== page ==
Gina: So, you want to do like a science show on soccer, but why is that? What made you go into school and like . . . what is your major? What did you want to study when you went into university?
Taylor: Originally, I was a physics major, as you know . . .
Taylor: . . . being one of your students.
Gina: Yes. [Both chuckle.]
Taylor: But, since then I have moved on to kinesiology. I’m a movement studies specialization of kinesiology, which really focuses on the biomechanics and the movement of sports and other things like that.
Gina: And for our listeners, we had another show on kinesiology–you can check that out–earlier in the season. But, so you’re interested . . . I think you had a lot of questions that you wanted to ask Dr. Riemann about . . . when you are looking at a soccer game, when you are seeing the passes, all these kind of things, you had these questions. So, I wanted to let you ask some of these questions for our guest here.
Taylor: I do! Alright, my first question, my most burning question is: When you see a really amazing kick or a corner kick or a free kick in soccer (futbol) how does the spin on the ball come about? What causes that amazing curve that people can do to the soccer ball?
Andreas: I agree, that’s one of the more exciting kicks in soccer. Let’s step back a little bit, maybe back to my physics of soccer class . . .
Andreas: As I sad, the prerequisites for students is pretty minimal. So, we are starting out with understanding the basic ideas: how a ball moves, you’ve heard about projectile motion where we just assume no wind, no drag, no friction, or anything like this. So, we start out with that and we can explain most of the motion pretty well.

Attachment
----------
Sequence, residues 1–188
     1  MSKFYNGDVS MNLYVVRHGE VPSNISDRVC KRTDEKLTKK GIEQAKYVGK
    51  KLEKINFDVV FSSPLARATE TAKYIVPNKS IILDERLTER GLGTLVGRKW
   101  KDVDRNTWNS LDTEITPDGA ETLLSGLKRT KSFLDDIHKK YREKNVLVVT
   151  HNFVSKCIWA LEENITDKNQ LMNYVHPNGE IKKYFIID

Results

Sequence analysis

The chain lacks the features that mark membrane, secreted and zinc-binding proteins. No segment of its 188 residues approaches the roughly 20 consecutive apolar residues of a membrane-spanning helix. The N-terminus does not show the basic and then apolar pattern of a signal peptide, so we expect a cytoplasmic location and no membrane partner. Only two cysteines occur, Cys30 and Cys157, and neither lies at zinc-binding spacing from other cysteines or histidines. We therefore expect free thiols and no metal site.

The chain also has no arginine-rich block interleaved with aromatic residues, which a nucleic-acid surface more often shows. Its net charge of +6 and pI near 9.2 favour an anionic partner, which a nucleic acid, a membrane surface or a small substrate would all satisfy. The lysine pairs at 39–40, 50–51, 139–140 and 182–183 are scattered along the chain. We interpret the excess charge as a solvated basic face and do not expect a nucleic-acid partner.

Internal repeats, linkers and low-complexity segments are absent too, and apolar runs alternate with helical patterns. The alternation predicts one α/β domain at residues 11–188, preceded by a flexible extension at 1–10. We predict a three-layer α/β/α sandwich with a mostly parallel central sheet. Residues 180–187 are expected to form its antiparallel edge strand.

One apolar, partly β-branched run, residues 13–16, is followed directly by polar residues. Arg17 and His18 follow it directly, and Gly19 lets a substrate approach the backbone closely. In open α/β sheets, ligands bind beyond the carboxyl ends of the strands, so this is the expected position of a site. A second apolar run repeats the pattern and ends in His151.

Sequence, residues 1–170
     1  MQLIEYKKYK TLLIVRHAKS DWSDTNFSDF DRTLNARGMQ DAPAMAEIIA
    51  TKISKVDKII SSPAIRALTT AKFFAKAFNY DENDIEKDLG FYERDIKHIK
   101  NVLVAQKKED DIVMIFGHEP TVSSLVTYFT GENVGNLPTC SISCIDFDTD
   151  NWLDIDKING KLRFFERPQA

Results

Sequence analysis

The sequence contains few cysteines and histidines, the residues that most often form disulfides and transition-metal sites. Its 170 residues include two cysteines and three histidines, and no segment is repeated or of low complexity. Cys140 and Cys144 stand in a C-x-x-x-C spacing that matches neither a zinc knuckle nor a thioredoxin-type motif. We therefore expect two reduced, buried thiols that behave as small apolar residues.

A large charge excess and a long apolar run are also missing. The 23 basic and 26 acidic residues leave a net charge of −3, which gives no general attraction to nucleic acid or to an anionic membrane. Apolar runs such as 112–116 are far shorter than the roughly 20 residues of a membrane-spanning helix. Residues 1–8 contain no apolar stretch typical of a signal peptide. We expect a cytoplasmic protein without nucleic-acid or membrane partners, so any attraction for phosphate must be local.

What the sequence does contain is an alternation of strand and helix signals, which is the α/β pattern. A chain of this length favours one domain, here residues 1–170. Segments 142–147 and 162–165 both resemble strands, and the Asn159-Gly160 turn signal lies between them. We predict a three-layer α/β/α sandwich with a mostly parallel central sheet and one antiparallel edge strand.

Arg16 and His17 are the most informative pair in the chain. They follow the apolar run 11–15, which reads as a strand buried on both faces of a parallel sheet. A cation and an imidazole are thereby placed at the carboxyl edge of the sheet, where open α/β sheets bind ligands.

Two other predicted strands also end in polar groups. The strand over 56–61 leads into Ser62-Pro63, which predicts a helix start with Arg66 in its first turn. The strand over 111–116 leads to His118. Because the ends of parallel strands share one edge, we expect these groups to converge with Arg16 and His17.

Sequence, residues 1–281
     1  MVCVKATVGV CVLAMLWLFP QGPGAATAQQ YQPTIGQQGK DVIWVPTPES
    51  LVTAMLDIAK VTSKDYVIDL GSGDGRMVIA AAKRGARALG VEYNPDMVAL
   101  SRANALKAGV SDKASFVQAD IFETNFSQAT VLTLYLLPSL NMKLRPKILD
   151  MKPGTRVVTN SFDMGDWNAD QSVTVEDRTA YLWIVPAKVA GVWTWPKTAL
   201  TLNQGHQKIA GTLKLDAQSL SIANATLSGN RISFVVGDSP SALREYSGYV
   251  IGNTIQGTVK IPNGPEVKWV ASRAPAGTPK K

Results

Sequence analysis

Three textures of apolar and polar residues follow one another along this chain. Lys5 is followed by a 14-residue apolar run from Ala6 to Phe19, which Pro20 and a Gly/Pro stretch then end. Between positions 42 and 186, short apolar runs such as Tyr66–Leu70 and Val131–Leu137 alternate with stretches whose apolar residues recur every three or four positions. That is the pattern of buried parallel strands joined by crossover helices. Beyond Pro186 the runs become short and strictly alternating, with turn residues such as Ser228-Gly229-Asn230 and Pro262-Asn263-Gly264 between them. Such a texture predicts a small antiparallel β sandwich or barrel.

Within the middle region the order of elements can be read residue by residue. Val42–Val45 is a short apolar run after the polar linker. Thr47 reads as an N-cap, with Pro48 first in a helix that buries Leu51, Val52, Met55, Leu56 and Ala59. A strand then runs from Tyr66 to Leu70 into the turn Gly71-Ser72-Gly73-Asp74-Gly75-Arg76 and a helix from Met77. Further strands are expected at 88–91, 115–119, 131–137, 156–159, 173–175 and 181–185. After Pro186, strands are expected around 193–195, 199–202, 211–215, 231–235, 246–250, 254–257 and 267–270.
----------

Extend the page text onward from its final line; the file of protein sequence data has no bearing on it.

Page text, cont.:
Gina: Yeah, so when we’re talking about projectile motion we’re just talking about, hey, something is moving in the air, we throw it at some angle and it will make this arc motion and that’s what we’re talking about with projectile motion.
Andreas: Exactly, so it moves like a parabola or so.
Andreas: But then, the interesting part what you asked, Taylor, about was when the ball is giving spin. So, the player kicks the ball slightly off center and the ball starts to rotate. When the ball starts to rotate, depending on the speed of the ball in the air, the air can do two different things basically. It can be in what is called a turbulent flow where you have basically this turbulence around the ball of the air. It’s like turbulent little twirls, if you want, around the ball. That’s when the ball moves really of fast. And then, when the ball slows down there’s what is called a laminar flow, where the air just flows around the ball.